An extroverted client of mine often had difficulty staying present with his clients. To stay in the moment, he repeats (in his head) what the other individual is saying. This internal scripting allows him to stay in the moment with the individual and avoid going into problem-solving mode. This simple trick has helped hundreds of my extroverted clients stay in the moment especially when they naturally wanted to “fix” an issue or take over the conversation.

Build in Face Time. If you want to expand your business and are more of an external thinker, remember that you naturally gravitate toward communicating with others face to face. If this is absent in your Marketing Mix, you will become de-energized unless you get this natural motivator met. Live speaking engagements are one of the ways for you to express yourself expanding your business in a way that leverages your social and communication skills.

When you’re interacting with an external thinker, remember these tips:

Establish An Agenda with Timelines. External thinkers by their nature need to verbalize their thoughts. They do their best when they have an opportunity to express themselves. They are stimulated by spontaneous brainstorming but you have to identify and stick to timelines; otherwise, you’ll find your meeting going on longer than anticipated.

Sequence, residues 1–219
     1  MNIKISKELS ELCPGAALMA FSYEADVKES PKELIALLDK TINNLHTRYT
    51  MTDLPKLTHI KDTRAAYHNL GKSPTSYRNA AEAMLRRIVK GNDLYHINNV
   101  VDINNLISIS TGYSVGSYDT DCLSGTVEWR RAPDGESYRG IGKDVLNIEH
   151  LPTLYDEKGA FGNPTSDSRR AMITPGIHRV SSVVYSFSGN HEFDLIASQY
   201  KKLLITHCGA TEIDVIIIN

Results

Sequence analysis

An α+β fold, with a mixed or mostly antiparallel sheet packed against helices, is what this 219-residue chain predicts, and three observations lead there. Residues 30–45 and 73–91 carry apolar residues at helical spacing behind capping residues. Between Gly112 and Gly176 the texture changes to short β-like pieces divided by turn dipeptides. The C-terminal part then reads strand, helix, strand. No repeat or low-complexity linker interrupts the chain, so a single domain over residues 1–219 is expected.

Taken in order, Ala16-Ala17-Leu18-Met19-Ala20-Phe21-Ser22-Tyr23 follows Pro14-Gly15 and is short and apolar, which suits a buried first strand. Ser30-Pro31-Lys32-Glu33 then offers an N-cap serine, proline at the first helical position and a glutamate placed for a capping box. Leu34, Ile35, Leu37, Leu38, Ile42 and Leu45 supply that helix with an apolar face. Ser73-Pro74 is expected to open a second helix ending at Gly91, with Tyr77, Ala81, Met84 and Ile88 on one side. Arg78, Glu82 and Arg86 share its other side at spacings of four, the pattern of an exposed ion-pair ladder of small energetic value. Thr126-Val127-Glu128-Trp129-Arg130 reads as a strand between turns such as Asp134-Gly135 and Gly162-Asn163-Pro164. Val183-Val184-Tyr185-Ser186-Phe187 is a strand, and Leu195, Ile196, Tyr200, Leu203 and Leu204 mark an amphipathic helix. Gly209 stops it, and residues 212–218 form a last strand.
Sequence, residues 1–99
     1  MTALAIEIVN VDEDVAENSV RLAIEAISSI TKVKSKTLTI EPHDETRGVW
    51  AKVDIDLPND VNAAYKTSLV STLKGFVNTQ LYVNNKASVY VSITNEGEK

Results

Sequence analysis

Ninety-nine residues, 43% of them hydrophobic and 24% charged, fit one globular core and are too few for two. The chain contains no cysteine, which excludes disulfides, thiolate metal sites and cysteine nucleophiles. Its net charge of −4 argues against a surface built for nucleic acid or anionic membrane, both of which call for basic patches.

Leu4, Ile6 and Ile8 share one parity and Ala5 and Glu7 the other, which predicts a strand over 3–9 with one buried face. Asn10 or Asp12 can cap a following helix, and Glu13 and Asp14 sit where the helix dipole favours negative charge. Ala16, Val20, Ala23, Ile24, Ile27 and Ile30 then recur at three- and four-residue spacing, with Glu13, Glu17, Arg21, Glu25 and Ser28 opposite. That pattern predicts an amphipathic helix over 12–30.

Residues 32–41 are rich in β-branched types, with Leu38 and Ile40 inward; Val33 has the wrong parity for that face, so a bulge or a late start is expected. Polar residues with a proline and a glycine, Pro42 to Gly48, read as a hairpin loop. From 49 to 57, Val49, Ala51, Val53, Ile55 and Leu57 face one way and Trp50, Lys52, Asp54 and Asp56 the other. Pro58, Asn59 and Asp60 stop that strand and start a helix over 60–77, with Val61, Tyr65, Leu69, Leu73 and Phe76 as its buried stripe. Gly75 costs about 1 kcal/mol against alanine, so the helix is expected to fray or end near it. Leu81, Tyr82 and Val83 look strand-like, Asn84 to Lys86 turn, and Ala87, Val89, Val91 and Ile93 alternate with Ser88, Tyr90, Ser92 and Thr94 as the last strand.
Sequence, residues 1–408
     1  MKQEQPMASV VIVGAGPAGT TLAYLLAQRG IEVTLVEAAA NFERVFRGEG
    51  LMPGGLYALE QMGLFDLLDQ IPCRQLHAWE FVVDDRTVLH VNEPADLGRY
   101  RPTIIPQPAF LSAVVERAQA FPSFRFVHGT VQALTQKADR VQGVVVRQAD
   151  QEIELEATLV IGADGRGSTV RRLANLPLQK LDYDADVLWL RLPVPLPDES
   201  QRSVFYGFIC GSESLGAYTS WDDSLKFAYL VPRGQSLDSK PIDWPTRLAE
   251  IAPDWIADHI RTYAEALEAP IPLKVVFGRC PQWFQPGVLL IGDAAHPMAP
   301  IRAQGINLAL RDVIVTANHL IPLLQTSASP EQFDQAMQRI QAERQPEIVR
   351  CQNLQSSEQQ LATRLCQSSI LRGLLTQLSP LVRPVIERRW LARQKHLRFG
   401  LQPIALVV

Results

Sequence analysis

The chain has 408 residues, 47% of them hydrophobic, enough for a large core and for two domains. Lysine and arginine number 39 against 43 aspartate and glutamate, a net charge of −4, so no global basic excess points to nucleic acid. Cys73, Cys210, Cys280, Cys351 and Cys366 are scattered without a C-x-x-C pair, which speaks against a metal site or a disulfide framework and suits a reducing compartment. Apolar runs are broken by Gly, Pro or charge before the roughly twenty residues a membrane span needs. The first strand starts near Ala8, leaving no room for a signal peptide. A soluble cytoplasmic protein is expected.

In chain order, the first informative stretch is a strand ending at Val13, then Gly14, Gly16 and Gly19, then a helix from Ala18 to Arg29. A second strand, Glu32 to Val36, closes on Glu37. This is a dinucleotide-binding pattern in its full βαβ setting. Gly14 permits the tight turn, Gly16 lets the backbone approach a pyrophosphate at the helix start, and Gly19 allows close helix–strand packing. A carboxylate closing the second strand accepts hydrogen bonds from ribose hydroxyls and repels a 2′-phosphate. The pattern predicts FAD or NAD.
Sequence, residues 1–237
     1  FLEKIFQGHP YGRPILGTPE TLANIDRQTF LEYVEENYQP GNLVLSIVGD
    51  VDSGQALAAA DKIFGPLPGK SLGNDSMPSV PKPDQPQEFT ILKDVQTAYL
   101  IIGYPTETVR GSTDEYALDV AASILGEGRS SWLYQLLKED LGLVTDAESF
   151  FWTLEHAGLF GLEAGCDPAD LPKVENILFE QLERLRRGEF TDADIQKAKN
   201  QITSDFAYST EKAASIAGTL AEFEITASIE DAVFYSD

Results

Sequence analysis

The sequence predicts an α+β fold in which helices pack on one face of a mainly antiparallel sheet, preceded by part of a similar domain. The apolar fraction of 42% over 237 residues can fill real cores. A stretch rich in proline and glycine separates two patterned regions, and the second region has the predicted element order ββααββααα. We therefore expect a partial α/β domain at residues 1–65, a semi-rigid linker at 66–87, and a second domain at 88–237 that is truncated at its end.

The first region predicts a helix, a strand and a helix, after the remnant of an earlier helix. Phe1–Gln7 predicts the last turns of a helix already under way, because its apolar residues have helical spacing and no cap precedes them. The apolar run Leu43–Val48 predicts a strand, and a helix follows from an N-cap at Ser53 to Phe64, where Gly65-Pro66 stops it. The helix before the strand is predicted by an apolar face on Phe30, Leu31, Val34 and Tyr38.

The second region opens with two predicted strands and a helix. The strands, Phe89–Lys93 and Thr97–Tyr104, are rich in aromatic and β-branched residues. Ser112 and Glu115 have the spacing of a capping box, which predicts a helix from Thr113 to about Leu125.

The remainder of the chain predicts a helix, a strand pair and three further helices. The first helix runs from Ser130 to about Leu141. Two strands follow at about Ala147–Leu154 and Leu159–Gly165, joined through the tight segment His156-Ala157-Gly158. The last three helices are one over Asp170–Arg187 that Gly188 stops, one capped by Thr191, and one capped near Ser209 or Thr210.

Acknowledge Them. External Thinkers are motivated to do even more when they have been personally acknowledged. Whether it is their work or a contribution they made in a meeting, a verbal response or simple thank you goes a long way with an external thinker.

Control Business Costs. External thinkers by their very nature often will use more words to communicate their thoughts and this can increase your phone bills. One company’s Sales Representatives were consistently exceeding their cell phone minute limits. Instead of trying to get the External Thinkers to have shorter conversations, they realized they needed a different cell phone plan. They adopted a flat rate plan ultimately saving the company thousands of dollars a month in overage charges while allowing the sales representatives to continue to be in their natural mode.

Denying this hardwiring for long periods of time actually de-motivates an individual. Getting the hardwiring met and aligning your business growth plans with it, yields increased results more quickly. Understanding your hardwiring is critical to knowing how to stay motivated, what might be holding you back from growing your business, and even what needs to be changed to seal the deal authentically.

Author's Bio: 

Lisa Mininni is the Best Selling Author of Me, Myself, and Why? The Secrets to Navigating Change and President of Excellerate Associates, home of The Entrepreneurial Edge SystemTM, the only national developmental and marketing program showing entrepreneurs how to put their personal, client and revenue goals on the fast track. For more information and a free eBook on what you need to grow your business, visit